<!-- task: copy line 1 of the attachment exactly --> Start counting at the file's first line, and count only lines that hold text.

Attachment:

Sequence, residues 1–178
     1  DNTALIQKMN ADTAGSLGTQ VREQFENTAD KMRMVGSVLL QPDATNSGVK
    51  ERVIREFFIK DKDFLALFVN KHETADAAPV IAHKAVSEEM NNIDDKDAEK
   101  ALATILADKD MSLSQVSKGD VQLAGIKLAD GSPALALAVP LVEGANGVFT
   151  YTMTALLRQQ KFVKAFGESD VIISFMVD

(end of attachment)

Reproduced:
Sequence, residues 1–178